Sir Trevor Holdsworth, former chairman of National Power and of the Bradford-based Allied Colloids international chemical business, was installed as Chancellor on 24 March 1992.

Bradford-born, Sir Trevor is a distinguished businessman who cherishes his local roots. He believes that invention and innovation are at the heart of wealth creation and economic prosperity, and was proud of the University's reputation for 'Making Knowledge Work'. Sir Trevor is a firm believer in the importance of lifelong learning.

Knighted in 1982, Sir Trevor has appreciable talent as a pianist, and could have risen to international fame in this area had he not chosen a business career. The University is eternally grateful that he chose the latter.

Baroness Lockwood

1997 - 2005

On her appointment as the University's fourth Chancellor in March 1997, Baroness Betty Lockwood said, "Education is one of the most precious things in life both to the individual and to society as a whole, and as Chancellor I hope to continue to promote that belief in many ways".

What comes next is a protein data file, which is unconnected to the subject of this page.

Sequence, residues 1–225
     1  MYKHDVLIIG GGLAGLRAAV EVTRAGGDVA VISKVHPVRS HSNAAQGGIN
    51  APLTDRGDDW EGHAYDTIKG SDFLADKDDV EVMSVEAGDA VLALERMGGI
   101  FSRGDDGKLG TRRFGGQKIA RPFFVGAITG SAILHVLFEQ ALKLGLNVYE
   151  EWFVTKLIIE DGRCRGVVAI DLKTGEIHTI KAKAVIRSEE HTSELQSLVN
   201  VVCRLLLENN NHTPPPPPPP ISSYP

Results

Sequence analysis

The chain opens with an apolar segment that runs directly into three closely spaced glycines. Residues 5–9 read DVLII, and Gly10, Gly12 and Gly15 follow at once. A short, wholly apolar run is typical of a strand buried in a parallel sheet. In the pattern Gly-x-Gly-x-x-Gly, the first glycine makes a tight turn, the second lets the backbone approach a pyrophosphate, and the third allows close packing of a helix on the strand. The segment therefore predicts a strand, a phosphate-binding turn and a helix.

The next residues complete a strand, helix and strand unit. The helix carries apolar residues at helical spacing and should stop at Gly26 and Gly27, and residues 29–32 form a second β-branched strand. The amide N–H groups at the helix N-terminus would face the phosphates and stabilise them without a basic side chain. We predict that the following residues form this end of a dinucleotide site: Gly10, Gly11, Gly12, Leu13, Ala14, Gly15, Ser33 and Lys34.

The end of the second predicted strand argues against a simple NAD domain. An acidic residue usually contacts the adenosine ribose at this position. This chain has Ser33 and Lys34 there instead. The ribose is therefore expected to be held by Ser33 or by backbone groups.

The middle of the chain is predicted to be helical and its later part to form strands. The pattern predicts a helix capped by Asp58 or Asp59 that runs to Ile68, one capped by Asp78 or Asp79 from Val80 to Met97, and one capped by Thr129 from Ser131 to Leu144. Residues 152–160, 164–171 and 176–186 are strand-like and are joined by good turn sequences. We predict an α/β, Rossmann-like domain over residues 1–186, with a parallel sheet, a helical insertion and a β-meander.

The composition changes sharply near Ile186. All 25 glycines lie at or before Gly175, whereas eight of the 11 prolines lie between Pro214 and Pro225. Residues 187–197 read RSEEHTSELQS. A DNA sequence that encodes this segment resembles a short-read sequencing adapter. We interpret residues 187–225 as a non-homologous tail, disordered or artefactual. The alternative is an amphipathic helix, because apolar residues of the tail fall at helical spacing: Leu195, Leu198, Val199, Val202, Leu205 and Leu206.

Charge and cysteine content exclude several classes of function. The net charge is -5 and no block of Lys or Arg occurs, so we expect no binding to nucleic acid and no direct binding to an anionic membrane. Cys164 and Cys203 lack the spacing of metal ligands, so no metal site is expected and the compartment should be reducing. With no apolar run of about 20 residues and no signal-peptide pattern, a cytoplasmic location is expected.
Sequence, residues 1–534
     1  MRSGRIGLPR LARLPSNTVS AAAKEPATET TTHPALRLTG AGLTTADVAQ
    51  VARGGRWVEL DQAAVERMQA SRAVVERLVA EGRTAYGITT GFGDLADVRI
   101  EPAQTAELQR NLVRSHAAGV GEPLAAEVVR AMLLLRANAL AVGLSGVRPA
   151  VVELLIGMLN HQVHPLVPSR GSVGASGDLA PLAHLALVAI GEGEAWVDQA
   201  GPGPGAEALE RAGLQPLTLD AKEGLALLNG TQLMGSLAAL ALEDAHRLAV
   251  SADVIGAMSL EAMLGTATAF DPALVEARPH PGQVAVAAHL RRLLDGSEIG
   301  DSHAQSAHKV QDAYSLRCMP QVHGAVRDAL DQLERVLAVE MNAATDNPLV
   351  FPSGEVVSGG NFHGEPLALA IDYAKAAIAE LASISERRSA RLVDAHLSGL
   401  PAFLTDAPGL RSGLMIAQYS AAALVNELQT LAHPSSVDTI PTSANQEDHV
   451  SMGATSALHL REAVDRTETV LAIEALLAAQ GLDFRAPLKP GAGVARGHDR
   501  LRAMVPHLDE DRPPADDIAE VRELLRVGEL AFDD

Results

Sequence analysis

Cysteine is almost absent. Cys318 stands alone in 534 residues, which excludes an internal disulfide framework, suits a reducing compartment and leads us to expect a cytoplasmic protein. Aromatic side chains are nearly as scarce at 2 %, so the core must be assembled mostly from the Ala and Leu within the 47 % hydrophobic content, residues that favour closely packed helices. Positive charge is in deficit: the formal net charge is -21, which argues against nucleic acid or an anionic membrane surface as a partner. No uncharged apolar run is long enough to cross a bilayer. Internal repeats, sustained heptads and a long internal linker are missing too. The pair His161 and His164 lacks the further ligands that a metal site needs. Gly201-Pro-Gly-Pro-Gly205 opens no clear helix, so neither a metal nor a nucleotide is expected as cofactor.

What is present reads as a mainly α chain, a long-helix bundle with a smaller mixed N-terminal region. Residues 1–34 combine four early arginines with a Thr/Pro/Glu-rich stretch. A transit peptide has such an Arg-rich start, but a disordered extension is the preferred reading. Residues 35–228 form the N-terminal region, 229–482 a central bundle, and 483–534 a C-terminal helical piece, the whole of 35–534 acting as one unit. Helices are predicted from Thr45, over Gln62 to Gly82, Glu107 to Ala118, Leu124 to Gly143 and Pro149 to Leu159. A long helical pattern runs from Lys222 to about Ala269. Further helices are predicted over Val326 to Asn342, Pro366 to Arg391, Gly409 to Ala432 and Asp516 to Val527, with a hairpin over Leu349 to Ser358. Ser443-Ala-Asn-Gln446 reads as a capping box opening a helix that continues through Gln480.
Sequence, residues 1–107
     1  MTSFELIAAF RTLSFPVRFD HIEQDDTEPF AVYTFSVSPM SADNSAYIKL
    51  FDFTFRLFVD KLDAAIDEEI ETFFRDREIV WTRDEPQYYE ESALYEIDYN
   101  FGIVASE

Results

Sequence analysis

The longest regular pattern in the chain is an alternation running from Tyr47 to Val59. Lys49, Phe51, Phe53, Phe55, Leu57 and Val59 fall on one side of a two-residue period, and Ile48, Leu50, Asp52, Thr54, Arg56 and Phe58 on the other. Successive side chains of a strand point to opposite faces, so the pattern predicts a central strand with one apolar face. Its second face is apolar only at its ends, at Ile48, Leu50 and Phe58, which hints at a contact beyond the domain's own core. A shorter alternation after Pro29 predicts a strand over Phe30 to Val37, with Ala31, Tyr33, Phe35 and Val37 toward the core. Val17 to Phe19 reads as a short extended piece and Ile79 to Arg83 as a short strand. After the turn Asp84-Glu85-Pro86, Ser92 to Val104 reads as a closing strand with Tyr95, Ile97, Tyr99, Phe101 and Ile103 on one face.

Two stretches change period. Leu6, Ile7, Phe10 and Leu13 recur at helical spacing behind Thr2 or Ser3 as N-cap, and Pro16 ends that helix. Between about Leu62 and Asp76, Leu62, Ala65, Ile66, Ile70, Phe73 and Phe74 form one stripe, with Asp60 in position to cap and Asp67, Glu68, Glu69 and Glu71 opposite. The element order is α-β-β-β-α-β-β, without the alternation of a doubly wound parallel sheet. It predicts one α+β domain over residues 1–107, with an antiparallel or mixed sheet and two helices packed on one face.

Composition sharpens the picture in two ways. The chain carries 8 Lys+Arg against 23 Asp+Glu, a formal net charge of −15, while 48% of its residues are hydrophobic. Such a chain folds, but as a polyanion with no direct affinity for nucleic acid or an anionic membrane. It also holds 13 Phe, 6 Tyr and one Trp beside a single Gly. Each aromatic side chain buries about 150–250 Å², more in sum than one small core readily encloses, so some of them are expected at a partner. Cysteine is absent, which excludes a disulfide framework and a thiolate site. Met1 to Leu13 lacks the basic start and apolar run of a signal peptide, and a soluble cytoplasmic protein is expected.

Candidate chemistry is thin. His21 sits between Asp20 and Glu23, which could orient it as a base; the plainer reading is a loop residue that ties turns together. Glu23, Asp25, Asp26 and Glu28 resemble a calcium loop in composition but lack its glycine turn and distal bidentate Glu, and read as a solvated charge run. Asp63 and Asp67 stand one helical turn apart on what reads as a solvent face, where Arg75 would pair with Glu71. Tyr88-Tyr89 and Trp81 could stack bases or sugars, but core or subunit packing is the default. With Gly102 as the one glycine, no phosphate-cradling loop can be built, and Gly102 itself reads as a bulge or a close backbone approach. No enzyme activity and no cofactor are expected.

Baroness Lockwood had a non-traditional route into higher education having left school at 14 then studying at night school before winning the Mary Macarthur Scholarship for Working Women to Ruskin College, Oxford.

Since 1983 when she first joined the University Council and throughout her Chancellorship, Baroness Lockwood has vigorously supported the University's widening participation strategy, ensuring that higher education is accessible to all. This has led to Bradford's pioneering and successful track record in raising participation levels, particularly from traditionally underrepresented groups.

Baroness Lockwood's political career to date has been groundbreaking. She was appointed as the first Chairman of the Equal Opportunities Commission in 1975, a post she held for eight years, and was founding Chair of the EU Advisory Committee on Sex Equality. Baroness Lockwood has been an active life peer since 1978 and a Deputy Speaker of the House of Lords since 1989. Patron of the Born in Bradford project.

The Baroness Lockwood Award for Distinguished Teaching was set up in 2005.